Basic Node Setup

Obtain the node software

You can choose to build from source. If you opt to do this, please ensure that the correct software version (tag) is used. You will also need to obtain the 4 system wasm contracts which are distributed with the debian package. Wasm compilation is non-deterministic, so for those building from source, the wasm system contracts will need to use pre-built wasm files. Otherwise the genesis hash will be different for the system and it will experience protocol level faults.

The recommended way is to obtain released packages using debian installers. Installing the debian package will automatically configure the system into a working state if a config.toml does not exist yet. If keys are generated in ‘/etc/casper/validator_keys/’, the system can be started with no manual configuration.

If you have installed a version of the node before, plese uninstall the older version. Please also clear out any old state. There is a script in /casper-node which removes local state in /var/lib/casper/casper-node.

If you have run prior versions, you may have local state in /root/.local/share/casper-node which should be deleted.

Depending on your system, you may need to use either dpkg or apt

Client installation:

wget --content-disposition
sudo apt install ./casper-client_1.6.0-2465_amd64.deb

and Node Installation

wget --content-disposition

sudo apt install ./casper-node_1.6.0-2465_amd64.deb

This package will install the casper-node executable in /usr/bin.

Configuration files and other needed files are installed in /etc/casper/. An example config file is given as /etc/casper/config-example.toml. This is automatically modified for your system in config.toml. If config.toml exists from a previous install, the file we be created as and you need to manually create an appropriate config.toml from this if changes are needed.

The accounts.csv and chainspec.toml files will be downloaded into /etc/casper with the deb package install. If genesis files need to be pulled down again, run sudo -u casper /etc/casper/

A casper user and casper group is created during install and used to run the software.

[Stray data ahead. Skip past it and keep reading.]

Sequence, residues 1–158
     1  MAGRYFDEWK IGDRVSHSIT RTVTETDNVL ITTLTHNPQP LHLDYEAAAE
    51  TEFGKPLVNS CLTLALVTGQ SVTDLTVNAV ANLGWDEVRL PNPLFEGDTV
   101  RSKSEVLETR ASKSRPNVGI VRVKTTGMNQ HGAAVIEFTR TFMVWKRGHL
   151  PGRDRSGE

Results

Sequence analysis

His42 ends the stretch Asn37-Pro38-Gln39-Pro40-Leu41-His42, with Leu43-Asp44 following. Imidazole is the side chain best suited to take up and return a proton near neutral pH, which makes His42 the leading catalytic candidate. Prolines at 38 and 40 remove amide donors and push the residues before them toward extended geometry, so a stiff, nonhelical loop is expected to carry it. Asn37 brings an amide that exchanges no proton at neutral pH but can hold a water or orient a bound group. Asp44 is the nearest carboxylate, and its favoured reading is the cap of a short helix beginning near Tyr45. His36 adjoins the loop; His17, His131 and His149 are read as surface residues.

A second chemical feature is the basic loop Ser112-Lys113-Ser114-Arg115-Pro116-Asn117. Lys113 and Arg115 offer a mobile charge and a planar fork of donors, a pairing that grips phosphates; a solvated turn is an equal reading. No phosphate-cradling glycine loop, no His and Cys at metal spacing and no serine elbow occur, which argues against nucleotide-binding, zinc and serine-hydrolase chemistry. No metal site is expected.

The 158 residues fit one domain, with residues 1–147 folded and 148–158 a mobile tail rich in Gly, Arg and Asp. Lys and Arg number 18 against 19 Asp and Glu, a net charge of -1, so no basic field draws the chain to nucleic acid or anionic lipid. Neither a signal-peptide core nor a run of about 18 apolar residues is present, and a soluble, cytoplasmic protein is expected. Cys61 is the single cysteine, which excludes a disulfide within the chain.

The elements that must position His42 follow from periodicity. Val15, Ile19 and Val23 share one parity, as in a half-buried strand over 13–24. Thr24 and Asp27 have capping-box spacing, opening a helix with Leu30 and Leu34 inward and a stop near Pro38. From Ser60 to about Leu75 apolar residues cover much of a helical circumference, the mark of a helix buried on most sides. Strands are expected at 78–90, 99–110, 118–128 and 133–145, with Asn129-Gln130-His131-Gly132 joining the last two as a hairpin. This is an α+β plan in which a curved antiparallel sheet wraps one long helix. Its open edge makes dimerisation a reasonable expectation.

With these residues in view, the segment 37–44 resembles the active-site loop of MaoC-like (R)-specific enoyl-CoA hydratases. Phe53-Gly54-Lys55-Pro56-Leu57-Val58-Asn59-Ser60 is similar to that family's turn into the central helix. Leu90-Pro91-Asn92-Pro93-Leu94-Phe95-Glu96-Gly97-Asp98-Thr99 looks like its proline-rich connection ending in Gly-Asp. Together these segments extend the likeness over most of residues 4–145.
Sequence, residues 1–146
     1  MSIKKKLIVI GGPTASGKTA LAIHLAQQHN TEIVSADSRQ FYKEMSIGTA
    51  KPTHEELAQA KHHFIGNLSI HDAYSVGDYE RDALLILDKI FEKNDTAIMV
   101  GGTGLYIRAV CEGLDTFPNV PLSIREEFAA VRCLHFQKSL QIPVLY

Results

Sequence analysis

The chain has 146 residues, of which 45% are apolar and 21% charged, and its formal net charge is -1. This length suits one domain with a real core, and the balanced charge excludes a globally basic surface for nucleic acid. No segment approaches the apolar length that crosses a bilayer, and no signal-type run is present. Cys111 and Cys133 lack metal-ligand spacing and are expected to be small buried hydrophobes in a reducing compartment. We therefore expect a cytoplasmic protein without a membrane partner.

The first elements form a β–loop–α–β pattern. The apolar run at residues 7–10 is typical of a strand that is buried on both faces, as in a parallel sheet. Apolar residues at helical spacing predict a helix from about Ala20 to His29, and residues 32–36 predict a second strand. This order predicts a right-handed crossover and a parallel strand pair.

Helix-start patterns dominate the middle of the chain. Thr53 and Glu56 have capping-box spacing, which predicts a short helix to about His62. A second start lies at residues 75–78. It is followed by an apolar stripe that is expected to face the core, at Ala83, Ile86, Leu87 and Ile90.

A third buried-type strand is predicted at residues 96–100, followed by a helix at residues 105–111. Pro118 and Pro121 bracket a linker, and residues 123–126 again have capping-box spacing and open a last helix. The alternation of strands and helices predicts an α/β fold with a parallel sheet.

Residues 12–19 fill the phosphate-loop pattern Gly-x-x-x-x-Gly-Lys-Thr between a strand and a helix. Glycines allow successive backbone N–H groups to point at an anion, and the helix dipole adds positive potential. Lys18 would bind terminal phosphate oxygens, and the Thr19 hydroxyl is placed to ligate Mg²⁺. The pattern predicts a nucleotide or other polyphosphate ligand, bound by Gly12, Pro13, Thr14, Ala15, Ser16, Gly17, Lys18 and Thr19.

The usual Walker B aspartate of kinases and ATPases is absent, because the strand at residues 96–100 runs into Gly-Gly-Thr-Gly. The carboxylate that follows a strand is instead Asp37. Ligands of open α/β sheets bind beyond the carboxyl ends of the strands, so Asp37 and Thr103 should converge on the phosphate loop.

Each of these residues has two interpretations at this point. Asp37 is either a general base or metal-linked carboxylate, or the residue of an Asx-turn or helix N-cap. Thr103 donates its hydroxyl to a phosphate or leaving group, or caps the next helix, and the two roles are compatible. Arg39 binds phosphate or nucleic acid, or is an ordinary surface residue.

To install the casper-client, use sudo apt install casper-client_1.6.0-2465_amd64.deb

Create Keys

The Rust client generates keys via the keygen command. The process generates 2 pem files and 1 text file. To learn about options for generating keys, include --help when running the keygen command.

casper-client keygen <PATH_FOR_NEW_KEYS>

Set up the Node Configuration

Once you have the node system installed, you have to create the configuration for the node software to run. Each node should be configured separately. The software provides an example configuration file that can be used as a template. Create /etc/casper/config.toml from /etc/casper/config-example.toml If you installed the node system from the provided debian package, a valid /etc/casper/config.toml is automatically generated during the installation. If /etc/casper/config.toml already exists, the file is saved as /etc/casper/ The following sections describe portions of the node config.toml and how to complete these sections.

Obtain the ChainSpec

The Casper node creates the genesis block locally on the system by consuming 2 files. chainspec.toml and accounts.csv. The chainspec.toml file sets up a series of configuration options for the blockchain, and the accounts.csv lists the starting balances for the network. Depending on which network the node is joining, a different set of source files will be needed. The files have to match exactly (have the same checksums) in order for the nodes to connect (have the same Genesis block)

This is done automatically during installation of the debian package. However, if you need to update these files, they are run using the casper user with a script in /etc/casper.

This script will pull the latest files for the chainspec from the release branch and verify their md5 checksums.

sudo -u casper /etc/casper/

Trusted Hash for Synchronizing

The Casper network is a permissionless, proof of stake network - which implies that validators can come and go from the network. The implication is that, after a point in time, historical data could have less security if it is retrieved from ‘any node’ on the network. Therefore, the process for joining the network has to be from a trusted source, a bonded validator. The system will start from the hash from a recent block and then work backwards from that block to obtain the deploys and finalized blocks from the linear block store. Here is the process to get the trusted hash:

  • Find a list of trusted validators.

  • Query the status endpoint of a trusted validator

  • Obtain the hash of a block from the status endpoint.

  • Update the config.toml for the node to include the trusted hash. There is a field dedicated to this in the file.

  • Ensure that your storage directory is clear. For the time being, the system requires an empty starting state in order to synchronize.


Configure whether you want text or JSON

Secret Keys

Provide the path to the secret keys for the node.

Networking & Gossiping

The node requires a publicly accessible IP address. We do not recommend NAT at this time. Specify the public IP address of the node. Default values are specified in the file, if you want to change them:

  • Specify the port that will be used for status & deploys

  • Specify the port used for networking

  • Known_addresses - these are the bootstrap nodes. No need to change these.

Save the Config Toml

Save your changes to the file.